Guest post by eLuma Speech-Language Pathologist – Laurel Mendoza, MA, CCC-SLP, in partnership with Everyday Speech.
People are happier when they’re recognized at work. In fact, according to a survey conducted by Bonusly and SurveyMonkey, 82% of employed Americans consider recognition an important part of their workplace happiness, and those who feel appreciated at work are less likely to seek new jobs in the near term.
How to create better employee morale
How can other administrators create a work environment that increases morale and retention? By regularly showing appreciation. As demonstrated in a study by Wharton School at the University of Pennsylvania, recognizing the hard work your staff is doing can have a swift and direct impact on workplace productivity and overall employee satisfaction.
A friend recently shared an anecdote about what happened when her school administrator started connecting regularly and intentionally with each employee. The administrator spoke to each employee individually for two to five minutes each week and took notes about what they discussed. The next week, he checked in with each person, referencing the topics they had previously discussed.
Even interactions as simple as these can make employees feel valued, heard, and respected. This creates a ripple effect, by which employees who feel appreciated pass on that positivity to the others around them, including clients and peers – and perhaps even the stranger behind them in the coffee shop drive-thru.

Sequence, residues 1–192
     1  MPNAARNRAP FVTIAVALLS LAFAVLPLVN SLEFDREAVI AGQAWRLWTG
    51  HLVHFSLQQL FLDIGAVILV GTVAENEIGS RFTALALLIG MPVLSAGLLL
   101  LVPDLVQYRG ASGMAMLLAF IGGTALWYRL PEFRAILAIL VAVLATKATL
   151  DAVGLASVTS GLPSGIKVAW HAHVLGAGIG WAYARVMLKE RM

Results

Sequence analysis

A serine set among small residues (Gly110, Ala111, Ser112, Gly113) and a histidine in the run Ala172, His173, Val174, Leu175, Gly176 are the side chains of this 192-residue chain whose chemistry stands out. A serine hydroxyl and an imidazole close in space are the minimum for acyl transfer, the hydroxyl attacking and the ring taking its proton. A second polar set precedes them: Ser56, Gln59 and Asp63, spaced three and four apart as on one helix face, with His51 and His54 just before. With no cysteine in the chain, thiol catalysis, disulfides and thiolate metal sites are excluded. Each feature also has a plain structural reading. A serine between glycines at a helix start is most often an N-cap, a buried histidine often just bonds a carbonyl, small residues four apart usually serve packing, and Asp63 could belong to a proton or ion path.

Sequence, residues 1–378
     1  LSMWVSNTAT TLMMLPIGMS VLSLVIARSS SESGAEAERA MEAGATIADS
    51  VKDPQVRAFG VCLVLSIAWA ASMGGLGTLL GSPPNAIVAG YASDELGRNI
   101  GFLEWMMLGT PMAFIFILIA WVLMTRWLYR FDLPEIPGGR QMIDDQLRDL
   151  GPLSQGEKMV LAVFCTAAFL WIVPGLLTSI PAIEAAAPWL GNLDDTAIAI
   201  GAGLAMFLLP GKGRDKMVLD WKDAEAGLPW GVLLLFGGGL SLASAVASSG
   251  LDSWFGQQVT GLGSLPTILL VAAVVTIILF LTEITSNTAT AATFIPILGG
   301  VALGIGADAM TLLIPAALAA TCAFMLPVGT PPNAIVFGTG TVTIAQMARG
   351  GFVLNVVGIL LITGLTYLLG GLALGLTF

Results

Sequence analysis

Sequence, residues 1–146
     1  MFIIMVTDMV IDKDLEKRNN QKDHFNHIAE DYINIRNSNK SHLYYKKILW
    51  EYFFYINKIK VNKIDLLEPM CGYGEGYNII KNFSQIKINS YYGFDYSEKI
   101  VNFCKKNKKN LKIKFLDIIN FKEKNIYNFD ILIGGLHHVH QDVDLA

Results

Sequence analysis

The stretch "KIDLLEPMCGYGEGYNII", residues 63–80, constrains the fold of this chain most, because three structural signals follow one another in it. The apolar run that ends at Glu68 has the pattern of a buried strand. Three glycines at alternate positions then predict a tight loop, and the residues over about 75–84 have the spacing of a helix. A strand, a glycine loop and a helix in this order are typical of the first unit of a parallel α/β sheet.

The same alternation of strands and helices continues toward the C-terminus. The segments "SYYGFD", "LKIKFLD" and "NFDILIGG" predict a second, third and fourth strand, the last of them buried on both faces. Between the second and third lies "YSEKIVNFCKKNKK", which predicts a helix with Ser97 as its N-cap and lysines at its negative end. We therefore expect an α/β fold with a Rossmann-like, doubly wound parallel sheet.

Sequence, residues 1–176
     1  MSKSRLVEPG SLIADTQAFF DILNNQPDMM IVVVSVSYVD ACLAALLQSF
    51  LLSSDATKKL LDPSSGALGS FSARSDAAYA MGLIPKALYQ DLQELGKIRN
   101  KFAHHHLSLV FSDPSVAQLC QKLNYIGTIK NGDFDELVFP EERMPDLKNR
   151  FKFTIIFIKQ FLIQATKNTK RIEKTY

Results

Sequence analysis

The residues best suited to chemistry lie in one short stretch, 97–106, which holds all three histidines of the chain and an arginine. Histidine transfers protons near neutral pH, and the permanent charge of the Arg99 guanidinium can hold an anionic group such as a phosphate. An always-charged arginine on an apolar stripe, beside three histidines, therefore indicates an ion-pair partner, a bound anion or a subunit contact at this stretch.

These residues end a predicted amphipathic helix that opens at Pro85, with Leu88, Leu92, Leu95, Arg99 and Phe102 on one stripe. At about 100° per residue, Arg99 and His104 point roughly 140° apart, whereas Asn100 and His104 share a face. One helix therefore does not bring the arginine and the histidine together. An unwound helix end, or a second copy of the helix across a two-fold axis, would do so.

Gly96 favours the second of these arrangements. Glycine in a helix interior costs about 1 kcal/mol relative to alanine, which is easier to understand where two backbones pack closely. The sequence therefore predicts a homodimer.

“In order to build a rewarding employee experience, you need to understand what matters most to your people.” -Julie Bevacqua
9 Tips for Boosting Employee Morale
Ready to start improving employee morale? Try these practical tips:
Get to know your employees on a personal level. Check-in regularly, and ask if they need anything, e.g. “Let me know how I can best support you.”
Promote self-care and respect boundaries by modeling them yourself.
Make yourself available for real conversations by promoting an open-door policy.
Encourage honest and open feedback by setting up easily accessible feedback channels.
Provide opportunities for connections (monthly meet-ups, virtual events such as paint night or Zoom happy hour). These types of gatherings may be especially significant for employees who are working remotely due to COVID and/or are serving in rural areas.
Acknowledge with words, e.g. “I see that you’ve been working hard and it doesn’t go unnoticed.”
Recognize individual successes publicly, like with informal shoutouts or by setting up an Employee of the Month program.
Celebrate birthdays and work anniversaries.
Throw in some fun ways to show appreciation, like with personalized messages, care packages, or gift cards.
Expressing gratitude and appreciation has a profound and positive effect on mood and mental health. Administrators who provide recognition, no matter how small, will find they have a more productive and unified team.
“Average leaders raise the bar on themselves; good leaders raise the bar for others; great leaders inspire others to raise their own bar.” -Orrin Woodward